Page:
Because of complicated neuronal circuits, the oculomotor nerves (cranial nerve pairs III, IV and VI) coordinate the action of the extraocular muscle, which are responsible for moving the eyeball towards the object of interest so that the images perceived by each eye merge in a single image in the visual brain. The term oculomotor nerve paralysis refers to the decreased strength of a muscle, which translates to reduced rotational movement of the eyeball in the direction corresponding to the paralysed muscle.
- Strabismus: The deviation may be vertical, horizontal, torsional or mixed, depending on the muscle affected. If the affected eye is the sixth cranial nerve, which innervates the lateral rectus, then the patient’s eye will deviate inward with limited external rotation. In the cases of the fourth cranial nerve, which enervates the superior oblique muscle exclusively, the eye will deviate upward. The third cranial nerve “controls” the medial rectus, superior rectus, inferior rectus, inferior oblique muscle, the upper eyelid levator, iris sphincter and ciliary muscle, therefore if the affectation is complete, the eye is deviated outward and downward, the eyelid is droopy (ptosis), the patient will have a dilated pupil and will be unable to focus. If the affectation is incomplete, the case will depend on the muscles affected.
- Diplopia (double vision)/Amblyopia (lazy eye): The rate of diplopia in children under the age of 8 is low as their visual system is still developing, meaning the brain tends to erase the image of the deviated eye leading to lazy eye.
- Torticollis: This is the anomalous position of the head adopted by the patient to make up for double vision.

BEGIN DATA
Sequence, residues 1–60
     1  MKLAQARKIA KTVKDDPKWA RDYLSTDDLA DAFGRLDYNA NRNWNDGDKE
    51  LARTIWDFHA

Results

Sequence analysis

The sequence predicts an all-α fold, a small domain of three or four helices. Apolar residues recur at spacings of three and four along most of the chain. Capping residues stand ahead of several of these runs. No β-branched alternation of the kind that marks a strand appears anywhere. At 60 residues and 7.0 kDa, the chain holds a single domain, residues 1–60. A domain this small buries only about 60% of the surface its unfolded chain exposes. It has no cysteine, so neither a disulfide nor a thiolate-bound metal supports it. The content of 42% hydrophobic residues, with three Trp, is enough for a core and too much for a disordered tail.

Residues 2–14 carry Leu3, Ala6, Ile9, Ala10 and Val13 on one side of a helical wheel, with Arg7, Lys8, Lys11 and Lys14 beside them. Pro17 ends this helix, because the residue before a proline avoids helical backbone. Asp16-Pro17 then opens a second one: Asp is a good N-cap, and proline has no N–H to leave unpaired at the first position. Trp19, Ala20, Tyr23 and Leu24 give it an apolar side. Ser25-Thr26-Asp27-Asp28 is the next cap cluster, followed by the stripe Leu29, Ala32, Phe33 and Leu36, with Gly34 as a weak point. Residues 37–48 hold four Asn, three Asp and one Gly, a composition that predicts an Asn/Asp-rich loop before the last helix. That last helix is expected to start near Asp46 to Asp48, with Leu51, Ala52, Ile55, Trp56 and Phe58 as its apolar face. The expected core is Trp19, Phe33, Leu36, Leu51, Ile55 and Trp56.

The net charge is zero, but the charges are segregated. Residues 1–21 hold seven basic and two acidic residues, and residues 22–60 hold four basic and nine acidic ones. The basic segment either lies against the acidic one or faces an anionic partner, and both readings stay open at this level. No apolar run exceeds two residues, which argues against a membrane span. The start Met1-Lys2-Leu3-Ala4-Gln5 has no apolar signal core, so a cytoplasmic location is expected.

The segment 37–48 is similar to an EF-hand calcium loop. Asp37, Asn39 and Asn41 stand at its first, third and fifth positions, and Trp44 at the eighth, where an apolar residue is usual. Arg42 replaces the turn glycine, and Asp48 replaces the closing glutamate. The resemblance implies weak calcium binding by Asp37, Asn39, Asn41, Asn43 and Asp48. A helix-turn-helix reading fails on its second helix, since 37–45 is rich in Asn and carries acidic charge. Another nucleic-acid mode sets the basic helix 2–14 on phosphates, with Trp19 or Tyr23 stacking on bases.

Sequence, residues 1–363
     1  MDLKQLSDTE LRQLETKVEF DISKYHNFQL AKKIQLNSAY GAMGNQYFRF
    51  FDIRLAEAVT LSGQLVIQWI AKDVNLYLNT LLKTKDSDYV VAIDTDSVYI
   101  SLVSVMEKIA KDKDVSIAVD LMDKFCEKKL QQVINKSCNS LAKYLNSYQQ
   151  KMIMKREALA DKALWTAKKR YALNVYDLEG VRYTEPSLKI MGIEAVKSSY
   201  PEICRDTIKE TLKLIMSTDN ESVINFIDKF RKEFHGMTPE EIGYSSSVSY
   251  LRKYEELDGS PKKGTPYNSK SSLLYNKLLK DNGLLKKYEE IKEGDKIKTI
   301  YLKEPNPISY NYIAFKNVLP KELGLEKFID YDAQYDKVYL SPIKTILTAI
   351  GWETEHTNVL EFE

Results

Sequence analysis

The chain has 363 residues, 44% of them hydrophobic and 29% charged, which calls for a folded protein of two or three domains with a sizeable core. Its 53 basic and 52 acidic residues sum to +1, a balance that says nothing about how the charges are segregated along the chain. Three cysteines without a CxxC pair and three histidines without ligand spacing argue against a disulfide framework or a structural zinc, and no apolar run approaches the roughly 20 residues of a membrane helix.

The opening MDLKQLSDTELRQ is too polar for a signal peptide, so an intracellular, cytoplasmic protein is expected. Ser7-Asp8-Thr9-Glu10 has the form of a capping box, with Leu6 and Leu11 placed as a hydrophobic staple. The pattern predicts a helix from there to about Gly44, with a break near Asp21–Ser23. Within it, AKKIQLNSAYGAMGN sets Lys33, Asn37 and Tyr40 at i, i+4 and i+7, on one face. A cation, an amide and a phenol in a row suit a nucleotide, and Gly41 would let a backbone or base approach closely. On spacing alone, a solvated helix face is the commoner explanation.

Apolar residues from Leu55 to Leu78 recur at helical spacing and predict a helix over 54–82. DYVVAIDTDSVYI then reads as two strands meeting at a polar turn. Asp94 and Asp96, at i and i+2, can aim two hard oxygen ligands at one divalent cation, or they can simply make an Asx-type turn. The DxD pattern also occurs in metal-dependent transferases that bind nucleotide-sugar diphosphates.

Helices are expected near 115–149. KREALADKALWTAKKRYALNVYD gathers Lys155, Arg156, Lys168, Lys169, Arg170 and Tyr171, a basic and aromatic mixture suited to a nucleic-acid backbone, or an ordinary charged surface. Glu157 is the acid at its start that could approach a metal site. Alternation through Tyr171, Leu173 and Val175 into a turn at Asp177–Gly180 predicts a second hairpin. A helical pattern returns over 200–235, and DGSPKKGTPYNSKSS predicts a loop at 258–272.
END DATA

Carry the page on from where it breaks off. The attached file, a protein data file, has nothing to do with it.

The term oculomotor nerve paralysis refers to the decreased strength of a muscle, which translates to reduced rotational movement of the eyeball in the direction corresponding to the paralysed muscle.
The aetiology of paralyses is varied and may manifest itself at any age. There are congenital paralyses that can be side effects of neurological or anatomical anomalies, birth canal trauma or neonatal asphyxia. In terms of acquired causes, there are benign forms, generally with spontaneous resolution, which occur after infectious or inflammatory processes and vaccines, plus there are others that are side effects of tumours, trauma or intracranial hypertension.
Before deciding on treatment, it's fundamental to assess the patient's systemic involvement. Once the cause has been identified, if the paralysis is in the acute stage (first 6 months), treatment is conservative and includes observation, occluding one eye and/or a Botulinum toxin injection. After more than 6 months (chronic phase) and if the patient has partially recovered and the residual deviation is small, prism lenses will be incorporated into the glasses. If the magnitude is greater, surgery is indicated.
There is no single technique to repair on cases, so surgery will depend on the affected muscle. The objective is to obtain maximum parallelism of the eyes in primary gaze position (looking straight in front), to eliminate diplopia, avoid amblyopia, correct torticollis and obtain the maximum possible field of binocular vision. Surgery will not restore the function of the paralysed nerve, and on occasions, more than one procedure may be necessary.